[EDIT] I stand by what I said above, but @angersock is right, I probably could have expressed it better. Some clarification: https://lobste.rs/c/01bj1d
This is the sort of feedback that is best left to private messages, or that really requires further elaboration and generalization of principle in order to raise the level of discourse. Please consider either of those options in the future.
IMO, michaelochurch’s comments are a non-trivial portion of the low quality comments I’ve seen on lobsters. Virtually every single comment by him either insults entire classes of programmers with absurd generalizations or participates in revisionist history.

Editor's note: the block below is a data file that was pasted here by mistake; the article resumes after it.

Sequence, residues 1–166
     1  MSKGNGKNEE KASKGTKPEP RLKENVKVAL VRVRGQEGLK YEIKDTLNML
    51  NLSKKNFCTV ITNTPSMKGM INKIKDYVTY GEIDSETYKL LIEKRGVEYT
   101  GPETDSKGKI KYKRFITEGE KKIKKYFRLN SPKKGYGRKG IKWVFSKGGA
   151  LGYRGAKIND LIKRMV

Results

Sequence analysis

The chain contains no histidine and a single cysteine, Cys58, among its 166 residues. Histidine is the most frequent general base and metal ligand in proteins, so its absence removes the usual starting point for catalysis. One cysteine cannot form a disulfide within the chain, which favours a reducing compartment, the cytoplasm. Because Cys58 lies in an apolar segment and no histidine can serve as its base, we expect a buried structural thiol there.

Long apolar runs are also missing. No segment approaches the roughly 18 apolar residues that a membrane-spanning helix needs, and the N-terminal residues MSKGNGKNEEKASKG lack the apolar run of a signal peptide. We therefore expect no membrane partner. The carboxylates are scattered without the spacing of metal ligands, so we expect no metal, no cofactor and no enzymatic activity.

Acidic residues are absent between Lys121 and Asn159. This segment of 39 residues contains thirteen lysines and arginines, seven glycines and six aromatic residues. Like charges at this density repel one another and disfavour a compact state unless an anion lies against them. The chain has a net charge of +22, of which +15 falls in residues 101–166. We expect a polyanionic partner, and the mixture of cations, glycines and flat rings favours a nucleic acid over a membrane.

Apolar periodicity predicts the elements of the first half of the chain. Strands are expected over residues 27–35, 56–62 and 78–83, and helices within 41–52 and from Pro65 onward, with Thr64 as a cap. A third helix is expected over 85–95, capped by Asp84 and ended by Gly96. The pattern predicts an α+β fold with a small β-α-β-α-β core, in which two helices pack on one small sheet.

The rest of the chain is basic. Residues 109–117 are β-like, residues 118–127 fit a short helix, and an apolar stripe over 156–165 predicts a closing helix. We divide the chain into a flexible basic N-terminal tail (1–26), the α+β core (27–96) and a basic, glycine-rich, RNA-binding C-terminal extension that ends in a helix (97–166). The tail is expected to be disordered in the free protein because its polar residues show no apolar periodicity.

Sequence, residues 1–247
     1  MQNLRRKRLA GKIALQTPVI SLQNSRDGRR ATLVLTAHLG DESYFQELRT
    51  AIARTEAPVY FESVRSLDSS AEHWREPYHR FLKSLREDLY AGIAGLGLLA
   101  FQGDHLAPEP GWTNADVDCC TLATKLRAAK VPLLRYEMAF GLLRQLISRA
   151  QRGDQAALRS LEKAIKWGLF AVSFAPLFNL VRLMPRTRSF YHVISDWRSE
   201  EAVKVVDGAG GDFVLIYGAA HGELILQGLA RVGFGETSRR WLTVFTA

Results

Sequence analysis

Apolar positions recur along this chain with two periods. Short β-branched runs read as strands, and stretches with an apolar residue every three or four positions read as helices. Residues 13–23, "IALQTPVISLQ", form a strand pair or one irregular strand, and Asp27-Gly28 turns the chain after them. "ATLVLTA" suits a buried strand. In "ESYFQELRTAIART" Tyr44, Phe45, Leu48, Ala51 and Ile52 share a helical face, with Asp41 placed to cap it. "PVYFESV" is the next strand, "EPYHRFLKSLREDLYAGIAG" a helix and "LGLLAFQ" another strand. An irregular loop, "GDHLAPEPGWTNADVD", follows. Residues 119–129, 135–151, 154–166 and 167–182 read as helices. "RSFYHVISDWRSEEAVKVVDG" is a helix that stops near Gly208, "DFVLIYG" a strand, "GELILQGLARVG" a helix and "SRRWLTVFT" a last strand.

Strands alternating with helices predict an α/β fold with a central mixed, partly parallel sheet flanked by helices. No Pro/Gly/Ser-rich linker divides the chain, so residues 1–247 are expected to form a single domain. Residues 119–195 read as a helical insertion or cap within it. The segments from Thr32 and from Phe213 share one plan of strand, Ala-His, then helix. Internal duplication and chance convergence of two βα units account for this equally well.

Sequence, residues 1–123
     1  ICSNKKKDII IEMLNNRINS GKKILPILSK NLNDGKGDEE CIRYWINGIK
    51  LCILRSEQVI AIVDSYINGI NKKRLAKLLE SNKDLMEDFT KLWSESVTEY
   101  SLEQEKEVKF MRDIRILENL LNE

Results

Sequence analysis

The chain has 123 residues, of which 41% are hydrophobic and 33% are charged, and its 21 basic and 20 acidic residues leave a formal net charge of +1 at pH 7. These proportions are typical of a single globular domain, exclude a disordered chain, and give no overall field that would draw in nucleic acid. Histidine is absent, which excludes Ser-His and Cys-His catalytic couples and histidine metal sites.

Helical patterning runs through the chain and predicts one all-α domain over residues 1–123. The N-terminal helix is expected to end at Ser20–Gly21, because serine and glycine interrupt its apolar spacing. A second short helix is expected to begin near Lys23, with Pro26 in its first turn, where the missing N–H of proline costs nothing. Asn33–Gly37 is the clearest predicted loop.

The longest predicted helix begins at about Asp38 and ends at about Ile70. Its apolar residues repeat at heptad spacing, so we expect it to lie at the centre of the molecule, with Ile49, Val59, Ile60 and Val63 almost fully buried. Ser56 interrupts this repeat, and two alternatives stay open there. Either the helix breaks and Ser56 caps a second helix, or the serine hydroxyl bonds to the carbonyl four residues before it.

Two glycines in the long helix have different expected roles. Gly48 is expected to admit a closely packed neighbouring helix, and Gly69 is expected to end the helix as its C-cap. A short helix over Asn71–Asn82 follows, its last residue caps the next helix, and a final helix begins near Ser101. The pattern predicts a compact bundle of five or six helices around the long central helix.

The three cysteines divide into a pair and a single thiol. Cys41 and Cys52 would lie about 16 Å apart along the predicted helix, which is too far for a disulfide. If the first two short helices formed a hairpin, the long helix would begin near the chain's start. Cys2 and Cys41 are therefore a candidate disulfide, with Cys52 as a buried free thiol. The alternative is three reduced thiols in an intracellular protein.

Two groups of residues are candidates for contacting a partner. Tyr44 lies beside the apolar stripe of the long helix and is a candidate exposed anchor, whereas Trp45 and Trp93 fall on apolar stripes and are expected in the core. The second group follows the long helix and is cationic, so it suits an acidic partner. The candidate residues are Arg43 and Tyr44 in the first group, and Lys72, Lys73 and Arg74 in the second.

This is the sort of feedback that is best left to private messages
I generally agree. I’ve mostly stopped interacting with michaelochurch because all previous interactions have been remarkably negative. But if we’re going to participate in a meta discussion about the comment quality on lobsters, then it seems more than appropriate to air grievances.
While I don’t always agree with michaelochurch’s comments, and sometimes they’re only vaguely related to the parent post (which can be disruptive), I think he’s a valuable member of the community. He holds a minority opinion on a number of issues, but argues them in a thought-provoking way. I’d hate to see lobste.rs as a community push people out because of contrarian viewpoints.
I’d hate to see lobste.rs as a community push people out because of contrarian viewpoints.
I wonder if you’d actually walk the walk too.